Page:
Dr. Visconti, an examining physician, testified to an examination on June 19, 1956. His diagnosis was residual fibrosis with some neuromuscular reference involving some nerve filaments in the area of the scar. His estimate of permanent disability was 12 1/2% of the left hand.

The respondent's only witness was Dr. Henry Klaus. He testified that he examined the petitioner on January 10, 1956 and estimated his permanent disability at 3% of the left hand.

At the conclusion of the hearing the deputy director awarded to the petitioner three weeks of temporary disability, or $90, and 7 1/2% permanent disability of the left hand, or $517.50. In addition, he found that the petitioner had incurred a medical expense of $125 properly chargeable to the respondent. The total award to the petitioner was therefore $732.50. The deputy director then found that the malpractitioner was a "third party" within the meaning and contemplation of N.J.S.A. 34:15-40. He thereupon dismissed the petition on the ground that the entire compensation obligation of the respondent was extinguished because the settlement proceeds to the petitioner from the malpractice claim were much greater than the compensation award. The petitioner appeals from this finding. The respondent contends that it should be credited for the full amount of the compensation award.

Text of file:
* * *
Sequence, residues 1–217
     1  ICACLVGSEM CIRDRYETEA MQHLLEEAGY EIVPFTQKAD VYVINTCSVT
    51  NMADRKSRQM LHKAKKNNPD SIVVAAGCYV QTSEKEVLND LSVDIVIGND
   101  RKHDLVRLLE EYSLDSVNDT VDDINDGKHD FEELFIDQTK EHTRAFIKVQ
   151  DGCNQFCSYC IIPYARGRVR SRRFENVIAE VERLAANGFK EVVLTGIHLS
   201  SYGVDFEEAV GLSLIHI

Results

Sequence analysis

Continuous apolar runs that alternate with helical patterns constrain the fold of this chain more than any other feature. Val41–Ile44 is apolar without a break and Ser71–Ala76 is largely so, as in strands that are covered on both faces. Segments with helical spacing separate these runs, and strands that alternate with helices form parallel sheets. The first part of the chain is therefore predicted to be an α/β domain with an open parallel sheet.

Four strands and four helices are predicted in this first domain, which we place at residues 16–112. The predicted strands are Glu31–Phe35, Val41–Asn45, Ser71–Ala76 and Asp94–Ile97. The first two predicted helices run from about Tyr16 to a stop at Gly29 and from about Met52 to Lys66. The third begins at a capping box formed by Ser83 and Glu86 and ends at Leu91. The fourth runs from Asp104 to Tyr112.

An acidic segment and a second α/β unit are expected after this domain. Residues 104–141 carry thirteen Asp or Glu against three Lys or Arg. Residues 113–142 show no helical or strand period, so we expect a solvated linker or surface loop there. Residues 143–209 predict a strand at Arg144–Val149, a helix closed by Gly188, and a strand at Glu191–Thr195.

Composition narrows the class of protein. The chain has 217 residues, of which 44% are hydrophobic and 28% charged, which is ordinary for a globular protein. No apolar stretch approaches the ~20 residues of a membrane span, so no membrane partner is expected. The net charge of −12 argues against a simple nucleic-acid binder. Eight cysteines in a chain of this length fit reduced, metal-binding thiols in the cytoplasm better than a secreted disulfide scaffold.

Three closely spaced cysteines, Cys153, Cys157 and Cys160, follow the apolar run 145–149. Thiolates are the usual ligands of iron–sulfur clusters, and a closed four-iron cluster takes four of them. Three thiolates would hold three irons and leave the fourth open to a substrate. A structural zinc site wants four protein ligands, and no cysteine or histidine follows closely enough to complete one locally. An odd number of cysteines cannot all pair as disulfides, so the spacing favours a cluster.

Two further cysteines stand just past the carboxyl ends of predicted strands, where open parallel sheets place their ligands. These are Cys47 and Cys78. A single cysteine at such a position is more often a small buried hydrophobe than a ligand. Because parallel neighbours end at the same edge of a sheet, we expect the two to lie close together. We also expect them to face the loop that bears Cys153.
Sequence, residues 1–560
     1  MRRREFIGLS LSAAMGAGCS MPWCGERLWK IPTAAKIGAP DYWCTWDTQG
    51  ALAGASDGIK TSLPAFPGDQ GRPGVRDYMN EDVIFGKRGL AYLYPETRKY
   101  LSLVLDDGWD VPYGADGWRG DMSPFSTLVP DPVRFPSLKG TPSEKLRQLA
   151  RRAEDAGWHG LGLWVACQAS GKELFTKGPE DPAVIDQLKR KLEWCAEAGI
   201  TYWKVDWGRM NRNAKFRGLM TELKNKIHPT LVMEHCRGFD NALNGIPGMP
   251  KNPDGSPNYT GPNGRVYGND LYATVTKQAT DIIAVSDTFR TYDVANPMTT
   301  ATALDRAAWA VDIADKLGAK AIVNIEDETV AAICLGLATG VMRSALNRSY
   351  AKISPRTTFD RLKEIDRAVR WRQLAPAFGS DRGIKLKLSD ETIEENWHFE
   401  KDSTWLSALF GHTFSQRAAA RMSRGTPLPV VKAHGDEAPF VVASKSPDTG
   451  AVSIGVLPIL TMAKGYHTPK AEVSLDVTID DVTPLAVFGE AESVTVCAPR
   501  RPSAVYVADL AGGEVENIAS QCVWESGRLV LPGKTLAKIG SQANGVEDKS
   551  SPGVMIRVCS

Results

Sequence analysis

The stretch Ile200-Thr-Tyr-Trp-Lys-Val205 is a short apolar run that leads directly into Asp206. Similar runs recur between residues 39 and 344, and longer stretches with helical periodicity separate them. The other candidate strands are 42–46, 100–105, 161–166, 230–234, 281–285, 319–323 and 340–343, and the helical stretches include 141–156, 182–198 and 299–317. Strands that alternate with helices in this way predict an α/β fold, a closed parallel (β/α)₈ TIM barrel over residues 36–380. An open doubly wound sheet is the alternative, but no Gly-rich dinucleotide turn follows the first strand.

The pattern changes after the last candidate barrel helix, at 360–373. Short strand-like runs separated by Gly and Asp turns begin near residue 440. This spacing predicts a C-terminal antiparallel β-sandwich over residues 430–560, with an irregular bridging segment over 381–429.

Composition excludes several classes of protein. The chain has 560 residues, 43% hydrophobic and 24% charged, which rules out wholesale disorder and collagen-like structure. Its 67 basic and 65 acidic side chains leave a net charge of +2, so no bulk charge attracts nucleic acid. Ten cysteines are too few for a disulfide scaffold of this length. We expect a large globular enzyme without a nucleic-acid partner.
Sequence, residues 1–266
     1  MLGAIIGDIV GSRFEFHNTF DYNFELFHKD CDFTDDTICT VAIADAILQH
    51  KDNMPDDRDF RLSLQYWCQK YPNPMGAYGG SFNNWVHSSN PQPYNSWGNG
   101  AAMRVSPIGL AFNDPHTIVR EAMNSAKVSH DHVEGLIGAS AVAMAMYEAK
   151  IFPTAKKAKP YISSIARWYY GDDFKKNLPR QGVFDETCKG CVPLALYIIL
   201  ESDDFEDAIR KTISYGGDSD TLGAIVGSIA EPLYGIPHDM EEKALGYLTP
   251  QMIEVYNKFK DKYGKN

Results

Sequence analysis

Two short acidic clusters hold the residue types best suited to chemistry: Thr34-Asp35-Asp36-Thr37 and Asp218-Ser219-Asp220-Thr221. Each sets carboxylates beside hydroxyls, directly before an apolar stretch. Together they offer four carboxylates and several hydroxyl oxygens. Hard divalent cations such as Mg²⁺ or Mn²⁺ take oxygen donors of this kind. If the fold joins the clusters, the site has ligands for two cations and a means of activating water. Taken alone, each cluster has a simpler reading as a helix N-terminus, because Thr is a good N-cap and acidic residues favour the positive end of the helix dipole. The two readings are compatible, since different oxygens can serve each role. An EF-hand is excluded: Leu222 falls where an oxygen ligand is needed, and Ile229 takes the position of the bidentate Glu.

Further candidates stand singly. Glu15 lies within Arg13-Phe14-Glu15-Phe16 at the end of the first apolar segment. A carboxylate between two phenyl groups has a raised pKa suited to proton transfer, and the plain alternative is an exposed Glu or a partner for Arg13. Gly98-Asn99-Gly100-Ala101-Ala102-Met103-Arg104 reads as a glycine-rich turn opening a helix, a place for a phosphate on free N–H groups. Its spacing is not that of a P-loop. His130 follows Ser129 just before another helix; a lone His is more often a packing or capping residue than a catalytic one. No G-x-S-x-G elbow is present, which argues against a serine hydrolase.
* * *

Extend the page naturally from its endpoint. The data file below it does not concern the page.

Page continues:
This court will review only those issues specifically raised and submitted by the parties, Fink v. City of Paterson , 44 N.J. Super. 129, 139 (App. Div. 1957). The only question so raised by the parties is to what extent the

[46 NJSuper Page 236]

respondent is the beneficiary of the proceeds of the malpractice settlement.

There is no reported case in New Jersey which is dispositive of this issue. The "third party" provision of our Workmen's Compensation Act (N.J.S.A. 34:15-40) does not appear to encompass such a situation and thereby cannot specifically direct its resolution. In relation to workmen's compensation, the entire concept of "third party" liability as it is woven into our present statute preserves to an injured workman his right of action against a third-party tortfeasor for an injury caused by the latter, while at the same time it prevents a workman from recovering twice for the same industrial injury. The benefit is not only to the employee whose claim against the third person may include elements of damage beyond those which may be sought against his employer, but to the employer as well. For, if the employer has already paid the employee compensation for an industrial injury and a third party claim is successful for the same injury, the employer may be reimbursed for his expenditure. And, if he has not as yet paid he may be credited. The manner and extent of reimbursement and crediting is carefully set out in the statute.